In a special communication recently published in the Journal of the American Medical Association, a panel has updated 20-year-old guidelines and recommendations for evaluating cost-effectiveness in health and medicine.
The panel was led by co-chairs Gillian D. Sanders, professor in the department of medicine and a member of both the Duke Clinical Research Institute and the Duke-Margolis Center for Health Policy, and Peter J. Neumann, ScD, Director, Center for the Evaluation of Value and Risk in Health at the Institute for Clinical Research and Health Policy Studies at Tufts Medical Center and Professor of Medicine at Tufts University.
“Cost-effectiveness analysis can help inform decisions about how to apply new or existing medical tests, therapies, and prevention techniques so that decision makers use health care resources wisely,” said Sanders. “As health care costs continue to rise at unsustainable rates, these recommendations provide a framework for comparing the relative value of different health care interventions and help decision-makers across the spectrum from policymakers to patients sort through alternatives and decide what tests and treatments make sense.”
“During the 20 years since the original panel’s report, the field of cost-effectiveness analysis has advanced in important ways and the need to deliver health care efficiently has only grown,” said Neumann. “Updating the guidelines provides an opportunity to reflect on the evolution of cost-effectiveness analysis and to provide guidance for the next generation of practitioners and consumers.”
Building on the original work of the 1996 Panel on Cost-Effectiveness in Health and Medicine, originally convened by the U.S. Public Health Service, the recommendations are intended to guide decision-makers in using new methods for analyzing evidence, reporting standardized results, incorporating both health care system and societal perspectives, and weighing ethical issues in the use of cost-effectiveness analysis.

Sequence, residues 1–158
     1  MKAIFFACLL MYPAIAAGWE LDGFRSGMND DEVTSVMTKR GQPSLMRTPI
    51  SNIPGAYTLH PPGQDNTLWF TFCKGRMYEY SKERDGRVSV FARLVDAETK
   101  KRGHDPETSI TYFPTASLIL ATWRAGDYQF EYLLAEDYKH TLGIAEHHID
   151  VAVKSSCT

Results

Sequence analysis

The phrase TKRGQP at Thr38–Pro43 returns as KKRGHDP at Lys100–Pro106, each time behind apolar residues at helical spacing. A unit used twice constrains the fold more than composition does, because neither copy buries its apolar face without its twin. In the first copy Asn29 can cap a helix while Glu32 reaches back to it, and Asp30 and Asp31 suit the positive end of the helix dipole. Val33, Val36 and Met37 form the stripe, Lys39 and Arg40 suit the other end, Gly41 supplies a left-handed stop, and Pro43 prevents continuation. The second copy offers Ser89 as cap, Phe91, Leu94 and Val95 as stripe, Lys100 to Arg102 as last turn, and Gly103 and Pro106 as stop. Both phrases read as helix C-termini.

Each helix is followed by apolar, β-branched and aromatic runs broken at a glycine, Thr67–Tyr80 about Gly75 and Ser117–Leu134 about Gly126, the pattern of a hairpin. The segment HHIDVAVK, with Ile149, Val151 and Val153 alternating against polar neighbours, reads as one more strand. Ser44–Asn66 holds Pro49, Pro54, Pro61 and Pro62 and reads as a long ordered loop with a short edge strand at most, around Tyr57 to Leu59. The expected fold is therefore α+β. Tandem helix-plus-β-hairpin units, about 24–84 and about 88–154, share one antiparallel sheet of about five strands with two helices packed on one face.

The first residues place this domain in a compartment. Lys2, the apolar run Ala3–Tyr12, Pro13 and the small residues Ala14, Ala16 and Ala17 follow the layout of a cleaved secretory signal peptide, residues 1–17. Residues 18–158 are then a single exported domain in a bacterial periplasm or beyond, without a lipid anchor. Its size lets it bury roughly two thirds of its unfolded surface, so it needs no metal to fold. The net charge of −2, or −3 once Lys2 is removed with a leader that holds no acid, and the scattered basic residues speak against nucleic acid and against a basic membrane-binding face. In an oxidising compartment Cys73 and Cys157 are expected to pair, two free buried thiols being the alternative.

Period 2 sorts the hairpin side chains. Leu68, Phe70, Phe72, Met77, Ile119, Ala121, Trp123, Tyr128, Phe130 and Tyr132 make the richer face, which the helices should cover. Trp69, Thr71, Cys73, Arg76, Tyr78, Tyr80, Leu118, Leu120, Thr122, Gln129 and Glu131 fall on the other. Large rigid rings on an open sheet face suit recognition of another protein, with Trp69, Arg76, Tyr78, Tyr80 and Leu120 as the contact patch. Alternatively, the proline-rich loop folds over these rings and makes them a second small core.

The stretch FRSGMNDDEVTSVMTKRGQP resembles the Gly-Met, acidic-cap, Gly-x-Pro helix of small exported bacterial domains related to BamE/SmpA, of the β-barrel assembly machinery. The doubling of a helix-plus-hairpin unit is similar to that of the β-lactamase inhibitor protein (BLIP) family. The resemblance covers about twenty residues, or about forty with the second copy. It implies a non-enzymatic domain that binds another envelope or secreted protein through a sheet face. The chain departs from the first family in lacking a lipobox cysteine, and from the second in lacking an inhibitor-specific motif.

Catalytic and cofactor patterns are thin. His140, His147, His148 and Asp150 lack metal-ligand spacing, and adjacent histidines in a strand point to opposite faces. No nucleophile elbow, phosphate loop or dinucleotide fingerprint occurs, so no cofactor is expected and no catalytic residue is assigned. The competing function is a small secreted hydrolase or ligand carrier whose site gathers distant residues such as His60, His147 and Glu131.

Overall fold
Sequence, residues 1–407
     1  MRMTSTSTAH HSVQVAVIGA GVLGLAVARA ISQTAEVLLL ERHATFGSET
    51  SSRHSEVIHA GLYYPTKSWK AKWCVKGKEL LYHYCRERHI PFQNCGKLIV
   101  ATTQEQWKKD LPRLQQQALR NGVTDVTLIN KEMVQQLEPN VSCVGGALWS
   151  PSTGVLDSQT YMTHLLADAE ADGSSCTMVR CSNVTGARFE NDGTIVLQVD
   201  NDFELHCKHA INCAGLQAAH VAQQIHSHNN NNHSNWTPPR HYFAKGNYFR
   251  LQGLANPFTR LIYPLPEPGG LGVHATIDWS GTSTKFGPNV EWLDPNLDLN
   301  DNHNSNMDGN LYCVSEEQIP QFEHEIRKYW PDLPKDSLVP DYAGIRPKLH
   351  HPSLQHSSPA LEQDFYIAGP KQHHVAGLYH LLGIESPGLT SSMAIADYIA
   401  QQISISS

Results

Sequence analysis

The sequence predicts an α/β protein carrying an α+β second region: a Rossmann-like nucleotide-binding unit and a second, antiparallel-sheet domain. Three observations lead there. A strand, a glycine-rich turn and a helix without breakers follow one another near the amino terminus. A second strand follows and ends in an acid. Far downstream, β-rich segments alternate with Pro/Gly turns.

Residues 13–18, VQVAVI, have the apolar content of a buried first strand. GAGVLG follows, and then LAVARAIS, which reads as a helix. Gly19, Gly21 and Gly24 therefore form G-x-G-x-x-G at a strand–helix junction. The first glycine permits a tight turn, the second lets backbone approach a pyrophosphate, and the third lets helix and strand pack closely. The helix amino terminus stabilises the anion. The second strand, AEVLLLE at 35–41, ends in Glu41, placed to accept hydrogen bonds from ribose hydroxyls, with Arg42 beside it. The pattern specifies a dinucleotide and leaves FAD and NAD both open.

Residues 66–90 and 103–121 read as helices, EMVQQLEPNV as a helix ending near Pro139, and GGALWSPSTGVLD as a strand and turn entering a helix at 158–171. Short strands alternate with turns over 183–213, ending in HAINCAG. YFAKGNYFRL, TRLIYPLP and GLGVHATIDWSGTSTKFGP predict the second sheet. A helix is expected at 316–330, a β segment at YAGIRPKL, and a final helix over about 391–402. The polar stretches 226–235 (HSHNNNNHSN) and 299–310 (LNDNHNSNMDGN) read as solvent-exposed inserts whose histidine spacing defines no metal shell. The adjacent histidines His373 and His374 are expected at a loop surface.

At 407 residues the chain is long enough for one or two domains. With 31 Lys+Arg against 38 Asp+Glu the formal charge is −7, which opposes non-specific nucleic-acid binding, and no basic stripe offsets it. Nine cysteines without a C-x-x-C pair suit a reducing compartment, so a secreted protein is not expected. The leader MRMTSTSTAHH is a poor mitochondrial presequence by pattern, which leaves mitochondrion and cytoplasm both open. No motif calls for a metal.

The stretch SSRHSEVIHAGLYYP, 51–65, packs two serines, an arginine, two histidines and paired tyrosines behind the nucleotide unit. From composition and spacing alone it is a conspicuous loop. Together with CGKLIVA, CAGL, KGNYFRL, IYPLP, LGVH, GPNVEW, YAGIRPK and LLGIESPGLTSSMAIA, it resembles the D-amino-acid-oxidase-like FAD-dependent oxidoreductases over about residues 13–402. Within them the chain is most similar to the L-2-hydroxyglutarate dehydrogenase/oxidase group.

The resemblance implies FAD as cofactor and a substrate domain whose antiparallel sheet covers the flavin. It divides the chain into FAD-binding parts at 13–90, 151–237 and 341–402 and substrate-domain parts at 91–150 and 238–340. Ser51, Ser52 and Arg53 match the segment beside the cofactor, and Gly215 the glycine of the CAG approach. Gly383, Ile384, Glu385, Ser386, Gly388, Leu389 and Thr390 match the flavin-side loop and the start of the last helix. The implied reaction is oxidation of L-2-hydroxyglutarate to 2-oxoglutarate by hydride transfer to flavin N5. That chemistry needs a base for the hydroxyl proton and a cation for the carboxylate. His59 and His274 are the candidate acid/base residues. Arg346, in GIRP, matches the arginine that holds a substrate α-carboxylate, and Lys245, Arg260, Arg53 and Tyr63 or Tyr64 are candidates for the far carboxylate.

Primarily funded by grants from the Robert Wood Johnson Foundation and the Bill & Melinda Gates Foundation, the panel recommends several key changes to the guidelines, including:
- Broadening the scope of the Reference Cases, a standard set of methodology that should be followed to ensure quality analysis by creating comparable measurements.
- Measuring health effects in terms of quality adjusted life years, a measure that includes both the quality and quantity of life lived.
- Including both costs reimbursed by third-party payers and those paid for out-of-pocket by patients in health care sector analyses.
- Using an “Impact Inventory” that lists the health and non-health effects of a health care intervention to ensure that all consequences are considered, including those to patients, caregivers, social services and others outside the health care sector. This tool also allows analysts to look at categories of impacts that may be most important to stakeholders.
- A reporting checklist and guidelines for transparency that includes assumptions in any analysis and the disclosure of potential conflicts of interest.
You can see the full journal article by clicking here.